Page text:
Saturday, October 15, 2011

Sleeping on the Kang

Last weekend, I took my first real foray into the countryside of Northeast China. It was beautiful. It was the tail end of fall foliage, which is magnificent, though not like my beloved New England.

The corn had been harvested and the rice had been woven into piles.

Rice in the foreground, corn in the middle, and the rolling hills tinged with orange in the background.

A crib for corn.
There was a wide assortment of things drying, as well. The part of Liaoning Province that I went to is famous for its ginseng. There are also mushrooms and peppers pictured here.


The farmers were fattening pigs and geese for the winter. There were chickens and sheep in the streets.


Ubiquitous in Northern China's countryside (and nearly half of China's 1.4 billion live in the countryside) is a heated bed that has existed since the Neolithic Period. On the other side of the wall from this stove which Olive is stoking is the kang. It stayed warm all night long. Here she is burning the slash from a cornfield. When winter comes they will burn wood. I slept with Olive's father in one room and she and her aunt slept in another room on another kang.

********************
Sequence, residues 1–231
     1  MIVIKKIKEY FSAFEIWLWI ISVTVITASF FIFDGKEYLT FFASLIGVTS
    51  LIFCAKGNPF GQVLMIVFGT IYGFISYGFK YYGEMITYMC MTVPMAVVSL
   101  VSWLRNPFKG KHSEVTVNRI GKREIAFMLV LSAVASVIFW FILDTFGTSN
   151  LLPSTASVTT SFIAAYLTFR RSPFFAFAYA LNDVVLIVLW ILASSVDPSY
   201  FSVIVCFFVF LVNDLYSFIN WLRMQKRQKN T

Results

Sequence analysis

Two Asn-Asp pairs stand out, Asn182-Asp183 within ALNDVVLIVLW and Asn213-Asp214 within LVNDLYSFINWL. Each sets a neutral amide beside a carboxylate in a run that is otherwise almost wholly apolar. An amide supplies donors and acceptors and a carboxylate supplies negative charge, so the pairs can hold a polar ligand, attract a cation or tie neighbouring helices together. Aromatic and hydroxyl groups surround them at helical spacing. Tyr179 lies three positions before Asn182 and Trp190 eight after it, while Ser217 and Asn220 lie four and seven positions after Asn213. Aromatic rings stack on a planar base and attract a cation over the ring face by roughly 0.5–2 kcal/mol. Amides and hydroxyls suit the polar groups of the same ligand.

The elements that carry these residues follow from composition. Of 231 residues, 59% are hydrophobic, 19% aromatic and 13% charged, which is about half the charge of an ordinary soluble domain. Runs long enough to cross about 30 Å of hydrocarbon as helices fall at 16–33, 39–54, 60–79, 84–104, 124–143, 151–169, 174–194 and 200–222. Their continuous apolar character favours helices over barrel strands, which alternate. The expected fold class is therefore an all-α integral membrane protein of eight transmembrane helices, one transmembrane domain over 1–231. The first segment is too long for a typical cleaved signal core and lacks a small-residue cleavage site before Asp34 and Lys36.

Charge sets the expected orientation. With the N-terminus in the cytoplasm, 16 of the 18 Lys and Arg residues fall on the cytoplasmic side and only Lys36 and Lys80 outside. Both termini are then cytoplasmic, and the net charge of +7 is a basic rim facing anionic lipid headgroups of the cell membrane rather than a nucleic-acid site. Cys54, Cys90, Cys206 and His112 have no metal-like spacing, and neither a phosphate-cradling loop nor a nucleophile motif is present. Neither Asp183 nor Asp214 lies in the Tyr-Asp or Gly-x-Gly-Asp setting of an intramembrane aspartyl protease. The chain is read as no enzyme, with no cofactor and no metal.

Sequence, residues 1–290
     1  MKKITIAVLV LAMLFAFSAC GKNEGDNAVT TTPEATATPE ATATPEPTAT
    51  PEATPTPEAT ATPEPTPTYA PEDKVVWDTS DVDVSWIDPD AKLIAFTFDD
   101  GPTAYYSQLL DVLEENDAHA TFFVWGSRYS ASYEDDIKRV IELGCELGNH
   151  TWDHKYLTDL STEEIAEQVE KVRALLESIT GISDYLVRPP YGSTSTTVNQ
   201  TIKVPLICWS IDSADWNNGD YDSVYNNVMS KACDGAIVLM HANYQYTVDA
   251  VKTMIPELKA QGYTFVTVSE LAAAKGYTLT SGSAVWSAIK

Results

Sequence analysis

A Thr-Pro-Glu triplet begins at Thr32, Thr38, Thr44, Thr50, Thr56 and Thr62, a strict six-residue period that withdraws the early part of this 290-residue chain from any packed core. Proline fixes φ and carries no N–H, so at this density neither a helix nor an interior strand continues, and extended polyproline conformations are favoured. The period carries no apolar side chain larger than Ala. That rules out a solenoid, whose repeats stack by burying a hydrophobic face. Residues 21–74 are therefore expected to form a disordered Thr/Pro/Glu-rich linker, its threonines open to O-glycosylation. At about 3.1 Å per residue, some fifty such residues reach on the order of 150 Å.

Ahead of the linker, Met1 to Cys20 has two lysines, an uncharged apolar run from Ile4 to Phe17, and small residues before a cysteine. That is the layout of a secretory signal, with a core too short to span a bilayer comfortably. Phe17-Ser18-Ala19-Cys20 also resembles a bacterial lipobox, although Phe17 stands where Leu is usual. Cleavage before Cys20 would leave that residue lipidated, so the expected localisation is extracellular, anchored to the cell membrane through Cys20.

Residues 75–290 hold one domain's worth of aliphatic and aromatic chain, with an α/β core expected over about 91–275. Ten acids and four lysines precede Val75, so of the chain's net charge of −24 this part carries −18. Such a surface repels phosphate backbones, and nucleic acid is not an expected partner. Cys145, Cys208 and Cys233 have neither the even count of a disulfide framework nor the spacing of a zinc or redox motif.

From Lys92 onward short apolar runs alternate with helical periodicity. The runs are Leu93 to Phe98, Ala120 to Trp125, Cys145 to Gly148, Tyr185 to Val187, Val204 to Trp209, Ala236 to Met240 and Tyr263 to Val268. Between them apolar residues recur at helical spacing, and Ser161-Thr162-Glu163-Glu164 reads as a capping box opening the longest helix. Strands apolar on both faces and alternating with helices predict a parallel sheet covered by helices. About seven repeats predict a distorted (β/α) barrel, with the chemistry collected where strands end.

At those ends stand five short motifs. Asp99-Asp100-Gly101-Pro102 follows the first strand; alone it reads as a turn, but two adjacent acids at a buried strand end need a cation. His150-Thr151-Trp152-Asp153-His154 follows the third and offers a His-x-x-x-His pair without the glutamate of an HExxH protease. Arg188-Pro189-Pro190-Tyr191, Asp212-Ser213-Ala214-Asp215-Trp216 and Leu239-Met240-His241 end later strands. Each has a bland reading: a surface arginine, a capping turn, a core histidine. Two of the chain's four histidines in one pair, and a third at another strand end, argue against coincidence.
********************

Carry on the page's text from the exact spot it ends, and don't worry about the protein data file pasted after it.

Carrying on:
I went to visit the 87 year-old grandfather of my friend. I brought him a box of cigarettes...which my friend told him was my attempt to kill him. His daughter lives with him and fixed a beautiful feast.

A random house in the village with its clothesline. I could not resist.


  1. Alex, Thanks millions for your blog. I do so enjoy your reports and photos.
    I love the clothes line!

  2. congrats for the new face of your blog:)I like your is to sleep on a heated bed? being China, I immagine it's a very hard bed too lol

  3. Very hard. There is no mattress, but for this soft Westerner there were a couple quilts to lie on. It was comfortable, though not as nice as the heated floor in Korea that I experienced en route here in February last.

    Thanks, Ann! I enjoy writing, traveling, and taking the photos. Stay in touch. Let me know what you want to learn about.


You are encouraged to leave your two cents.